“Visualization Of Ultra-Thin Semi-Transparent Metallic Films By Wave Simulations And Ray-Tracing Rendering” by Loi and Chau

  • ©Wei Sen Loi and Kenneth J. Chau

  • ©Wei Sen Loi and Kenneth J. Chau



Entry Number: 51


    Visualization Of Ultra-Thin Semi-Transparent Metallic Films By Wave Simulations And Ray-Tracing Rendering




    Plasmonic color generation describes structural color arising from resonant interaction between visible light and metallic nanostructures, causing selective frequencies of light to be scattered and/or absorbed [Kristensen et al. 2017; Sun and Xia 2003]. The perceived color from such metallic nanostructures is highly dependent on viewing angle and the color appearance can change with color of the viewing background. Plasmonic color generation is a rapidly emerging research area with potential advantages over conventional pigment printing technology including higher printing resolution and robustness, greater compatibility for integration and functionalization, and reduced resource requirements [Mudachathi and Tanaka 2017; Zhu et al. 2017]. Structural color from plasmonic nanostructures has already been used to improve security measures in currency notes and credit cards [Lee et al. 2018].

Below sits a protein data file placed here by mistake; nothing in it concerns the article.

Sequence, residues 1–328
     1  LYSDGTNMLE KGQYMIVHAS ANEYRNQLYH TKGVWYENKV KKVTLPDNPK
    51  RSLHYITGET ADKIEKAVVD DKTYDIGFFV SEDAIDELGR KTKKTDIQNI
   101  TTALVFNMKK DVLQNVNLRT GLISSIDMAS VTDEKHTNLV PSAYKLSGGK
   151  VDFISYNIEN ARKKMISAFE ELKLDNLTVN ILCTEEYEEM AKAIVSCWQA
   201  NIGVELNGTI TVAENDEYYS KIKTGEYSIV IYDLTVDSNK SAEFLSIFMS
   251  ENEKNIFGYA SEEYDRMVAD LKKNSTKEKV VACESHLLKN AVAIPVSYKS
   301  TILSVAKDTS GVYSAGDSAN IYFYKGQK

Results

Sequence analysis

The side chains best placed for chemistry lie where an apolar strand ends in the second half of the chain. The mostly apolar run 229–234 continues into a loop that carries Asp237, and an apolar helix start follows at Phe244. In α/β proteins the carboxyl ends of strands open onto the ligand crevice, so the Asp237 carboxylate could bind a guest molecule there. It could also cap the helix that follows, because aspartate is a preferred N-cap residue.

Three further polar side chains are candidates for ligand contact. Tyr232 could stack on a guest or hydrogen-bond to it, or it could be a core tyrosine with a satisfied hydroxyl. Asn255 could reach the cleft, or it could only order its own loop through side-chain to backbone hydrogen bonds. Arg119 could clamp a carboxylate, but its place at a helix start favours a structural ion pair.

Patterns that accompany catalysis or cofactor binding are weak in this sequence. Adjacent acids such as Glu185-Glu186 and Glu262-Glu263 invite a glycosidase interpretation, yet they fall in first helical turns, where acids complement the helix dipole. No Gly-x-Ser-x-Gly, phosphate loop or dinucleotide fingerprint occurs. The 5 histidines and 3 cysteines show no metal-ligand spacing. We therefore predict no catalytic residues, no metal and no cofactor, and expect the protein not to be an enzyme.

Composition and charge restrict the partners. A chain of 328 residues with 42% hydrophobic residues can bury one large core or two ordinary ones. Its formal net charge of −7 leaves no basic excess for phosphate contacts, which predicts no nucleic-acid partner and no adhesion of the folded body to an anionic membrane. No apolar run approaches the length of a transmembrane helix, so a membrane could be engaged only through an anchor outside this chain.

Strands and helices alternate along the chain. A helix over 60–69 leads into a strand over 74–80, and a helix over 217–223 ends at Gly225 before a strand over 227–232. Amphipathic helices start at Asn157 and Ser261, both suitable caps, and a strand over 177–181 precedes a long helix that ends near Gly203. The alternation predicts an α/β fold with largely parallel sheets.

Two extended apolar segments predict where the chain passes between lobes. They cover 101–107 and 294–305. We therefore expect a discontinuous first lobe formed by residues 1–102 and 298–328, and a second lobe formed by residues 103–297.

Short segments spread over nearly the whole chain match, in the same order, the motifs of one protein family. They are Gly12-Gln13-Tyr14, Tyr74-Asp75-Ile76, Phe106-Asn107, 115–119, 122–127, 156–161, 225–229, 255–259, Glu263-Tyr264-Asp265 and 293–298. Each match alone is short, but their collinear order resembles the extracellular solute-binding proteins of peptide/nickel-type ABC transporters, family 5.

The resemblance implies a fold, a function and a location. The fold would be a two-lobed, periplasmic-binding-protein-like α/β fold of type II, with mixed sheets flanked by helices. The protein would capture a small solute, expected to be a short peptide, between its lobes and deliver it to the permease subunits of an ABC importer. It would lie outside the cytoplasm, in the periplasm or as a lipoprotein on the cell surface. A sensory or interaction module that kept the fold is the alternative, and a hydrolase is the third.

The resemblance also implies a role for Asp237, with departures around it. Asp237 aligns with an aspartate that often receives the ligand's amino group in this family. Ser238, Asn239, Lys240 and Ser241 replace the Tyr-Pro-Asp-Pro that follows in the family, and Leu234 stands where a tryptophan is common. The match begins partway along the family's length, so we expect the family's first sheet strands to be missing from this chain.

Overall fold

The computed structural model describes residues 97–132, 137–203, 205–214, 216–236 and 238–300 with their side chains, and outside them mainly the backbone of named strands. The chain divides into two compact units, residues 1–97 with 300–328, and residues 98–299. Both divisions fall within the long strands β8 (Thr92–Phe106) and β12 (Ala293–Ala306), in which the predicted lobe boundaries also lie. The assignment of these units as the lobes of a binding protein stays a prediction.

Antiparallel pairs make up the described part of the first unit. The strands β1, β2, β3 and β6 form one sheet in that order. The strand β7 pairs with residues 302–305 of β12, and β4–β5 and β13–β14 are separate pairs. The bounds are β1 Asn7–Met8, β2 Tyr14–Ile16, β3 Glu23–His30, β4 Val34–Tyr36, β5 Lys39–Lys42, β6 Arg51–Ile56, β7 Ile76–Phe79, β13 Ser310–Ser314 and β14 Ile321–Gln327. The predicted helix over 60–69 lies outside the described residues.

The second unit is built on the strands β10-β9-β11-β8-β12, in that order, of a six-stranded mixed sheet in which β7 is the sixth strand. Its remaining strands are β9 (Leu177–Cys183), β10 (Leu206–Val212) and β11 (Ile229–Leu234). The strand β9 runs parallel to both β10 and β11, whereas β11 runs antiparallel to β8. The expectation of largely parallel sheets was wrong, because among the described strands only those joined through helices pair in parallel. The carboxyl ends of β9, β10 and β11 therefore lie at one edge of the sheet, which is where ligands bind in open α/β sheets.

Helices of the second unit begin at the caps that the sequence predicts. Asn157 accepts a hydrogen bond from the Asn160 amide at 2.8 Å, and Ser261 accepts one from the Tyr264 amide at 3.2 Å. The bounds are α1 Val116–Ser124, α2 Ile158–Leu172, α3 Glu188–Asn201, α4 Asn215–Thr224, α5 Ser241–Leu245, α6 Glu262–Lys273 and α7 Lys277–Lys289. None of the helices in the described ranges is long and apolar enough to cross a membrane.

Achieving desired structural coloration using nanostructures requires bottom-up design in which the electromagnetic properties of nanostructures are simulated and then extrapolated to model their visual appearance. Computer graphics technology can be used to provide visualization of the optical properties of nanostructures on large scales [Auzinger et al. 2018; Musbach et al. 2013; Zhu et al. 2009]. In this work, we propose to use finite-difference time domain (FDTD) simulations to model electromagnetic interaction of visible light with nanostructures and create physical-based material models to visualize their appearance by ray-tracing rendering.


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